A Quantitative Comparison of the Health-Care Disclosure Experiences of Rural and Nonrural Lesbians

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Abstract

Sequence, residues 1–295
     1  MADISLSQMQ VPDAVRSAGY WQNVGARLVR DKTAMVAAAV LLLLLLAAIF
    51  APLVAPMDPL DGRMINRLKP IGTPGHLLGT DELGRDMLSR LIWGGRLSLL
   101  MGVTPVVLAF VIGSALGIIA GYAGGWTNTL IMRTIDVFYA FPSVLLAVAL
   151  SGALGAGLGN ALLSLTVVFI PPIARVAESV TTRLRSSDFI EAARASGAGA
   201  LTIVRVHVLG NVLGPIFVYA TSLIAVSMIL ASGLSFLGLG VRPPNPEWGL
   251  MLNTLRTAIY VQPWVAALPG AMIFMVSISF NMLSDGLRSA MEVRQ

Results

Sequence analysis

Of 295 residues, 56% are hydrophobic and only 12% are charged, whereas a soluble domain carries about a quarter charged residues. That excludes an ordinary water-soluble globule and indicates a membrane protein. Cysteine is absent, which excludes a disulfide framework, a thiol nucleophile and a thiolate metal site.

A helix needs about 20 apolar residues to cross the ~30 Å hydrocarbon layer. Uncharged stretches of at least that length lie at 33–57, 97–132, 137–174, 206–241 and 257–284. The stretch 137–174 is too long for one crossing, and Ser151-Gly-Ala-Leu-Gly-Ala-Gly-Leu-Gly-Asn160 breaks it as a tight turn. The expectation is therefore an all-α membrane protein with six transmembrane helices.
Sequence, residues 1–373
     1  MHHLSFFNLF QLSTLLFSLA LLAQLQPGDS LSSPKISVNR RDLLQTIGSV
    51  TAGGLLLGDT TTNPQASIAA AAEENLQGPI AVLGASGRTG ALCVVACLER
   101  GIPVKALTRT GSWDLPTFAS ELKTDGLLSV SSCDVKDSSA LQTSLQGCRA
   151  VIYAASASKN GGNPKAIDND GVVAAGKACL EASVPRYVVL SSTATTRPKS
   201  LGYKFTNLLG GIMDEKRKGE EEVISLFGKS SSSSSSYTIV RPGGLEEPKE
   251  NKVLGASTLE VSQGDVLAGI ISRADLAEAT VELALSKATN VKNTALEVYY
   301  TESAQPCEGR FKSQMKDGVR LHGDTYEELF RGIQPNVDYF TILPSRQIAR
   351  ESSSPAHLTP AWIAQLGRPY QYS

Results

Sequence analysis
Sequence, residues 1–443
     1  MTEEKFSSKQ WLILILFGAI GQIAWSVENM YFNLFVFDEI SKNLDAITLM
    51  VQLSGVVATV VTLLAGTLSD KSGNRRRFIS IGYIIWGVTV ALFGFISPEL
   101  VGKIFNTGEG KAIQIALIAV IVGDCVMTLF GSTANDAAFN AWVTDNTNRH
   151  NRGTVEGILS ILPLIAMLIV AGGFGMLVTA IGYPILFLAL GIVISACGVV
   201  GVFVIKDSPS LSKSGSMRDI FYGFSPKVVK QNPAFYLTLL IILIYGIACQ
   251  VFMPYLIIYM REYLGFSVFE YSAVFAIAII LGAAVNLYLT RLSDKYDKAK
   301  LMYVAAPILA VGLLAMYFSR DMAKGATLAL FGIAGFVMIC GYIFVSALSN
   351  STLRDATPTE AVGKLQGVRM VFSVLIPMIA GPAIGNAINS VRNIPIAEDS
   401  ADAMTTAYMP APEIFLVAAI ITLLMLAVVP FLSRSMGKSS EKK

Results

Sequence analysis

Concealment of sexual orientation from health-care providers and/or delay of care due to fears of discrimination or maltreatment in the health-care setting can be major risk factors for the health and well-being of lesbians. Given the added vulnerabilities that rural lesbians may face as they interact with the traditional health-care system, the purpose of the current study was to investigate the relation of sexual minority status and rural background to lesbians’ health-care disclosure-related attitudes or beliefs, behaviors, and experiences. A national, diverse sample of 746 lesbians from rural (38.3%) and nonrural (61.7%) backgrounds participated in the current online study. Participants completed a series of demographic questions and the Multidimensional Disclosure to Health Care Providers Scale. A multivariate analysis of covariance was used to investigate rural versus nonrural differences across 5 disclosure indices. Post hoc analyses of covariance were then conducted for each subscale to explore the specific direction of the rural versus nonrural differences. After race or ethnicity and education were controlled for, the results revealed that rural lesbians endorsed fewer attitudes and beliefs that facilitated disclosure to a health-care provider, experienced fewer health-care opportunities in which disclosure could be initiated, reported less communication of their sexual orientation to providers, and reported previously experiencing greater negative reactions to their disclosure by providers when compared to their nonrural counterparts. Rural lesbians appear to face multiple risks related to health-care disclosure. It is important for rural health-care providers to examine their own biases and beliefs and seek out cultural competency training and consultation related to providing affirming care to lesbians in order to facilitate positive disclosure and overall health-care experiences.

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